I am presuming in this conversation not just to differ on the drones, but to suggest he “buried the lede” of his own story. He lets me get away with it, perhaps because I’ve watched his work with affection, often with awe, since he interned as a Brown undergraduate with our Ten O’Clock News on WGBH, public television in Boston.

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  • how can religious extremism be contained?

    Not with predator drones, however deadly they are.

    I would say education can help, but Afghanistan seems too primitive–too tribal, too corrupt–for education to gain a foothold. Besides, even in a country like the United States, education (such as it is) is no bulwark against fundamentalism and dominionist politics. Religion thrives on ignorance.

    Ultimately, the only way to contain religious extremism is to reduce religion itself to a minority rather than a majority disease of the mind. In this, some progress has been made, at least in comparison to the rest of human history. But the process is slow, with many backward steps countering our progress forward.

    The real question is, why are we fighting Al Qaeda and the Taliban with our military in the first place?

    • Commonwealh

      Don’t be too pessimistic about education. Read the books by Greg Mortensen. He makes a first-hand, very convincing case for the power of education and how much the people of Afghanistan want it, so long as it is not a disguise for propaganda.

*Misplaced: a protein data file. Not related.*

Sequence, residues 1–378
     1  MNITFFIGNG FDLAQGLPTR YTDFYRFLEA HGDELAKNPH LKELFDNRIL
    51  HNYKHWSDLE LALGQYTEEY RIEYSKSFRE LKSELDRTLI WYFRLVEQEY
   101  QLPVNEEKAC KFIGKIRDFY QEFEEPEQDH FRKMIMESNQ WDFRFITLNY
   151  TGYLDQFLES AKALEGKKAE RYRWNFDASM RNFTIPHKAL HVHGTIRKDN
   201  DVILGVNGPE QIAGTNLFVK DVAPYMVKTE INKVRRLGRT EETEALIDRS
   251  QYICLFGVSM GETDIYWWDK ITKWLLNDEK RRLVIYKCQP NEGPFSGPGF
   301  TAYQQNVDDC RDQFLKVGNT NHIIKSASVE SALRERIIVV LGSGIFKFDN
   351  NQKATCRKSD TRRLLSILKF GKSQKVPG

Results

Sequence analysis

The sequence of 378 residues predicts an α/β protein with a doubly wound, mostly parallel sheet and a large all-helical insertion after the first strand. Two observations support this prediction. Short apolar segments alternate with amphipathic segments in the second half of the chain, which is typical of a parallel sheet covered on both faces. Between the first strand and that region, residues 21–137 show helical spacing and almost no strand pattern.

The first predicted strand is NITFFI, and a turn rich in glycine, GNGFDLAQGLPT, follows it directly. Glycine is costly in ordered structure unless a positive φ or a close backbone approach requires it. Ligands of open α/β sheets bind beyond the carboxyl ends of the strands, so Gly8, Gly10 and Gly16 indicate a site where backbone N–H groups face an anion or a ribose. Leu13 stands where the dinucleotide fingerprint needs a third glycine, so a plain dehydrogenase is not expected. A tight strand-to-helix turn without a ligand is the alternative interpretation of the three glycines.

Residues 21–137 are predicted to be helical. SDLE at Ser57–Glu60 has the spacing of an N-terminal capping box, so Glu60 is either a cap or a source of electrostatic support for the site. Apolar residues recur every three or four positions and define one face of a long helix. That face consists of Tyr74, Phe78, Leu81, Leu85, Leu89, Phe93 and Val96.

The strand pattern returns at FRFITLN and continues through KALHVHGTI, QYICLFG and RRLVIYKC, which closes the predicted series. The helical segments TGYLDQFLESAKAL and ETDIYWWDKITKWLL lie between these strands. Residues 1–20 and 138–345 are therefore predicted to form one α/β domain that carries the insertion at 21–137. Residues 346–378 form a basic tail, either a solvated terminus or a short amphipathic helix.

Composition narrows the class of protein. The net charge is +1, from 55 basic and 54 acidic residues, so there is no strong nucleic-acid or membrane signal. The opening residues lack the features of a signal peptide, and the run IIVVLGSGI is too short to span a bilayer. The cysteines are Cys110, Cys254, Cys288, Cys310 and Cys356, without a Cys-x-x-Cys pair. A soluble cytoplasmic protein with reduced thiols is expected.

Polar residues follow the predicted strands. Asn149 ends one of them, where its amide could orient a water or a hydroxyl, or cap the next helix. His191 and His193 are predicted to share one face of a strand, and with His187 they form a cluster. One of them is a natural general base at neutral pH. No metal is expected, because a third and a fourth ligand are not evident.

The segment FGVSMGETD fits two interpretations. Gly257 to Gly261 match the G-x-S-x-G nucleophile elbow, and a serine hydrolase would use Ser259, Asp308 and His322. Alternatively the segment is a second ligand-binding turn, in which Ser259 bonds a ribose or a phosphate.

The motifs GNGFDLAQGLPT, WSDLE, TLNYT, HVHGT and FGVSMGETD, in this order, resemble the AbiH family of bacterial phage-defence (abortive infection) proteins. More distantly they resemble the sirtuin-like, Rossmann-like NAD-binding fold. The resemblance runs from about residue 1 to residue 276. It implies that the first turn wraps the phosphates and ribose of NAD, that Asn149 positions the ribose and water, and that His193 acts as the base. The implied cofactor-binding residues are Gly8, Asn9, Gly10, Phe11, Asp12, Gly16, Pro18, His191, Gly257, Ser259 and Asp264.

• orangescissor

        I wouldn’t trust Greg Mortensen’s “Stones into Schools” plan for educating Afghanistan all that much. Instead of educating Afghans along “western” models, I would try first not destroying their culture. Maybe we should think more about the impacts of our own actions in Afghanistan for the last few decades before trying to convert people to the American model of how the world should work.

  • Contradiction 37b…tragically funny because you can’t make this stuff up! They should create a movie about this and make it like a soft-lighting puritanical soap war docudrama. It would be the perfect way to capture this surreal disconnected but terribly destructive borderless, endless war against an invisible and unknown enemy, “the military efforts are a fools errand I guess you could argue…how we’re going about it is in many ways contradictory and counterproductive but…”

  • Jeech

    David gives the green signal to drone attacks and civilian death with the justification that Taliban killed more people than those drone attacks. I wonder since when does the world give the US the same authority as a terrorist group equivalent to Taliban? I wonder where the sophistication of that civilization has gone!!!

    And believing in “it’s war and it happens in war” is too a doctrine of stone ages. It’s stunning to see such educated people speak like this.

  • sifta

    This was a valuable and sincere exploration of Af-Pak issues. I think that focusing on Rohde’s ‘stand’ on various issues such as drone attacks, the policy of which he does *not* exactly endorse in the interview btw, is missing the point as well. He actually said that his opinion was that the drones are symptomatic of a failed policy.